Mentor: Tonia Von Ohlen, Ph.D.
Regulation of the ind Homeobox and Dorsalventral Patterning of Drosophila Embryos
Expression of the ind homeodomain protein in the Drosophila embryo is regulated by the global dorsalventral patterning pathways Dorsal, Egfr, and Dpp. It is also regulated by Vnd; Vnd limits the expansion of ind ventrally by its position on the ventral border of ind. We searched the Exelixis deficiency collection out of Bloomington, Indiana for mutated expression of Ind. We found deficiencies that deleted known components of the signaling pathways had mutated or lost ind expression; these deficiencies removed screw, dpp, and egfr. We also found a pair of overlapping deficiencies that gave us ventralized embryos. Transheterozygotes of these two deficiencies were also ventralized. The overlap contained seven genes including CG11582 which encodes a twisted gastrulation like protein. These two deficiency also resembles the shrew mutants. A transheterozygote of shrew mutants and these deficiencies resembled the shrew mutant as well. We are now characterizing these deficiencies to identify the genes responsible for shrew phenotype.
Mentor: Asad Esmaeily, Ph.D.
Evaluation of a Confined Concrete Model under Cyclic Loading
Prediction of the performance of reinforced concrete structures requires knowledge of the stress-strain relationship of the material. The strength and ductility of concrete can be improved by applying lateral pressure using conventional reinforcement such as steel spirals and bars, or other material such as Fiber Reinforced Polymer (FRP).
Various models have been proposed to simulate the stress-strain behavior of confined concrete. Sakai proposes a model to simulate the cyclic stress-strain response of confined concrete. The experimental test performed evaluates the cyclic stress-strain relationship path of confined concrete compared to real performance.
Three FRP confined specimens were constructed and tested under cyclic loading with different loading rates. The results show that the proposed model can capture the general performance of FRP confined concrete, but fails to predict the real stiffness and plastic strain during cyclic loading. The effects of factors such as concrete type, confinement type, loading rate and creep history have not been considered in the model.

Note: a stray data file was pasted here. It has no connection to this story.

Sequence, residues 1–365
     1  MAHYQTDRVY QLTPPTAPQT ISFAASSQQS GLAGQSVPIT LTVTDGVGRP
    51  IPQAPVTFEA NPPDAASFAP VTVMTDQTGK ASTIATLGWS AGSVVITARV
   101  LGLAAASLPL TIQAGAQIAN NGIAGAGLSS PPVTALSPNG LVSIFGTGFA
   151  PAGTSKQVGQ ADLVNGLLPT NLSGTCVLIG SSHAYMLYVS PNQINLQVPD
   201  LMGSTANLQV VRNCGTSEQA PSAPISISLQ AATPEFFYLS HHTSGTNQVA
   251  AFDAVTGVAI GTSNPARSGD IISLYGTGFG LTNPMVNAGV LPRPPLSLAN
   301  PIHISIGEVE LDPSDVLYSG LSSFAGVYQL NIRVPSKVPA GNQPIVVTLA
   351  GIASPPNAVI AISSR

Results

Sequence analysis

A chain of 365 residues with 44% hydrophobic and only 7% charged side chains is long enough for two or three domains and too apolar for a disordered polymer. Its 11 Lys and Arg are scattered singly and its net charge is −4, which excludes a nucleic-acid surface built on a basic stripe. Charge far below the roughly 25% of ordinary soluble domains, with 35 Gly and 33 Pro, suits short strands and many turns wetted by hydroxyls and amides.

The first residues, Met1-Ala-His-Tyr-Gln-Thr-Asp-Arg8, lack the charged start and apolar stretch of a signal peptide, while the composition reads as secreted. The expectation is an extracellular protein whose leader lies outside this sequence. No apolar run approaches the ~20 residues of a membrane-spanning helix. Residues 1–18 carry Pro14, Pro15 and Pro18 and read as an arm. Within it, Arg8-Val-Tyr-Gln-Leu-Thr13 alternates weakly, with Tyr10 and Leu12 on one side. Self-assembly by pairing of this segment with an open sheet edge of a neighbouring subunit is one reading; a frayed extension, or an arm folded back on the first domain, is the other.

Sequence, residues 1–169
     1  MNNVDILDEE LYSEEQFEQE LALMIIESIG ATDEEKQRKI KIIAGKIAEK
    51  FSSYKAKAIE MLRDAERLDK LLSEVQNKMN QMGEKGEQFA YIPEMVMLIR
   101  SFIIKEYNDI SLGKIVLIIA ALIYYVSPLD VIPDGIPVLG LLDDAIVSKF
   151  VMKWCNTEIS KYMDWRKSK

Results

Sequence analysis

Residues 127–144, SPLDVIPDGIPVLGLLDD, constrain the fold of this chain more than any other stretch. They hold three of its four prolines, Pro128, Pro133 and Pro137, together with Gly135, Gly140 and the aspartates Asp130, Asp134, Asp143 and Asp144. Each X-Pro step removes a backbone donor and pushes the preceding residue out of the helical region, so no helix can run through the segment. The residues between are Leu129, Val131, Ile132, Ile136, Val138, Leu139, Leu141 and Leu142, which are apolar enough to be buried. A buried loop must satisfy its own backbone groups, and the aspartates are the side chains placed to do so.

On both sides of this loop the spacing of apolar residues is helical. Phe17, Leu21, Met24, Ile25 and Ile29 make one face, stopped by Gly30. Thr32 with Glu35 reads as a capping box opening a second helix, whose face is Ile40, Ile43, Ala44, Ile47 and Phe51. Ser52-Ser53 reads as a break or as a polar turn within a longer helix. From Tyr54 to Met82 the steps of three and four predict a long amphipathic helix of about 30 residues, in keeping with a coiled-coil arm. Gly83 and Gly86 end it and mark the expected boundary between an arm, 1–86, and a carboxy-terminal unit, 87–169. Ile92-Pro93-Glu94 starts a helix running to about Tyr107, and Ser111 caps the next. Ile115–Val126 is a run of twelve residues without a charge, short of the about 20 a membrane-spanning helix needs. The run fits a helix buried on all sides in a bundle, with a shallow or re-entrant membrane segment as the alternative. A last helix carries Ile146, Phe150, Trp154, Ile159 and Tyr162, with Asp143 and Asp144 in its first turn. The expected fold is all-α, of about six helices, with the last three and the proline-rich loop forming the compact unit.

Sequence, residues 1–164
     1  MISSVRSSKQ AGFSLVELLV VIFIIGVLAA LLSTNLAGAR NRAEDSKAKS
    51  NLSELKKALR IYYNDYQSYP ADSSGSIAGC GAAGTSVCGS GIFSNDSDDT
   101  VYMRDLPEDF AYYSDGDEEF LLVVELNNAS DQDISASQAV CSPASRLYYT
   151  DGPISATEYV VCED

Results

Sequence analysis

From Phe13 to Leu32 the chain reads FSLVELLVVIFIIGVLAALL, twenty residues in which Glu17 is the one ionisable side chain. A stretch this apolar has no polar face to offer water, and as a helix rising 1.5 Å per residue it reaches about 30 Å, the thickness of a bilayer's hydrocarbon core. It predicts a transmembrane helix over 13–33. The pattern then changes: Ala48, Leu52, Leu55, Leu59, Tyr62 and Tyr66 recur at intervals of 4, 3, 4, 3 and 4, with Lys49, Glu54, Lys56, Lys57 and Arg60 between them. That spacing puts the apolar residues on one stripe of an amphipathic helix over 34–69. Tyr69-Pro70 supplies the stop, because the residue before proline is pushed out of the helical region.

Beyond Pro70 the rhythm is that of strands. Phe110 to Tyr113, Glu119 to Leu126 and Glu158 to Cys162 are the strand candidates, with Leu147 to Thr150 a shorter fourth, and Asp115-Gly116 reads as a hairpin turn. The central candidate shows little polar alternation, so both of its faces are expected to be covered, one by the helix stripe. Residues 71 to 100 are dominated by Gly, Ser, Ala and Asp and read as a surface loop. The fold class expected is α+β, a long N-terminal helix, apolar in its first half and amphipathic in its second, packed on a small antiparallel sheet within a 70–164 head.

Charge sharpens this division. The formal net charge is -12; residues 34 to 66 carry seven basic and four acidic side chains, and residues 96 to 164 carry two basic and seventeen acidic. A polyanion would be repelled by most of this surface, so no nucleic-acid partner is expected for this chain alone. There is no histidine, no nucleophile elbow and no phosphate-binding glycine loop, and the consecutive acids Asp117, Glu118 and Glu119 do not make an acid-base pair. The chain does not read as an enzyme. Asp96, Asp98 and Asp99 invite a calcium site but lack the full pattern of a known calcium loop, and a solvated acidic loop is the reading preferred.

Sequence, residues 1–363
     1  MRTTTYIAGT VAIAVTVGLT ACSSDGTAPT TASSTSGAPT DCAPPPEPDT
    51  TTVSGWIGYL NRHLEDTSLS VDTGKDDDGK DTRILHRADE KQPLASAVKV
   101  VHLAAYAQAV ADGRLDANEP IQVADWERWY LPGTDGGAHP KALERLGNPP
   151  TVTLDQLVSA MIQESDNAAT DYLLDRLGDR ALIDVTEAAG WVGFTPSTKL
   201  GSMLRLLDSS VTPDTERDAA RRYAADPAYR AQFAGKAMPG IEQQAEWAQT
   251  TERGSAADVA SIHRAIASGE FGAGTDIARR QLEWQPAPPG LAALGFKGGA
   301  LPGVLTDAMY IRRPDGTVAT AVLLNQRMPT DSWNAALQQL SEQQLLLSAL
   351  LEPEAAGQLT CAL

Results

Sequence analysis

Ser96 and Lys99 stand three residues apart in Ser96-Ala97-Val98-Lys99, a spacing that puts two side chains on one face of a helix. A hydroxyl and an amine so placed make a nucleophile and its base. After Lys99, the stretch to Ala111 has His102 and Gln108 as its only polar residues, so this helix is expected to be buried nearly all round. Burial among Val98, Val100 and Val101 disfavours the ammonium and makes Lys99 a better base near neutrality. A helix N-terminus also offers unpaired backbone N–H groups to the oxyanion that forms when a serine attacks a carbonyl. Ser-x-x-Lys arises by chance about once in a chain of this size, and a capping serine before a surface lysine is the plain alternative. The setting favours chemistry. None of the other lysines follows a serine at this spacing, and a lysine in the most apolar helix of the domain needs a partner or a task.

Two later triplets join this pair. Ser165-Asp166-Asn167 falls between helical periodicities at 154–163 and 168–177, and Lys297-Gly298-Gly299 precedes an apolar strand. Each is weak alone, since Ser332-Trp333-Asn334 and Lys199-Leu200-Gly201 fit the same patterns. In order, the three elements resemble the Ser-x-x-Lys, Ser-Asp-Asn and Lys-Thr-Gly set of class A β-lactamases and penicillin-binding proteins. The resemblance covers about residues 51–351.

Mentor: Linda Trujillo, Ph.D.
Bilingualism and Academic
Success: the relationship
between native language proficiency of administrators and administrative policies
This research investigated possible links between bilingual administrators and the academic success of their English Language Learners (ELL). Ten principals of ten randomly selected elementary schools in Kansas were interviewed. Five of the principals are bilingual and the other five are monolingual. Each person interviewed was asked the same set of questions. This research was based on the assumption that bilingual principals would have a personal understanding of the stages of second language acquisition and would be more likely to implement successful ELL programs in their schools. The findings of this research disclaim the assumption that a person must be bilingual to provide and implement successful ELL programs. This research also revealed a common view of student progress among all of the administrators that were interviewed. Student success was not measured by standardized and formal assessments. All administrators interviewed viewed student success as a student's intrinsic drive to gain knowledge.
Mentor: Dale Schinstock, Ph.D.
LIDAR Digital Elevation Modeling
Light detection and ranging (LIDAR) is a method utilizing laser light for remote sensing. One common application of LIDAR is digital elevation modeling. For this project, a LIDAR module was mounted to an unmanned aerial vehicle (UAV) with the intent of generating digital elevation models (DEM's).
In order to generate a DEM, the UAV must be properly equipped with avionics that both determine and log the position and orientation of the aircraft during flight. The avionics must also log the LIDAR-derived distance. Seven pieces of data are collected for each reading: yaw, pitch, roll, altitude, longitude, latitude, and distance. In order to derive a DEM from the raw data, each distance is expressed as a vector in three-dimensional space. This vector is rotated and translated based on the other six pieces of data; this is done for each reading. The result is a collection of points with each point representing an actual point on the Earth's surface. These data can be represented in any coordinate system desired by utilizing additional rotations and translations, and organized into a uniform grid using a simple algorithm.
The results of this project vary based on the quality of the data received. The main problem encountered was the LIDAR module's tendency to interfere with the GPS signal, resulting in numerous false altitude values. Fortunately, these false values were easily detected. The resulting DEM was accurate to within approximately five meters. However, greater accuracy is expected upon further development.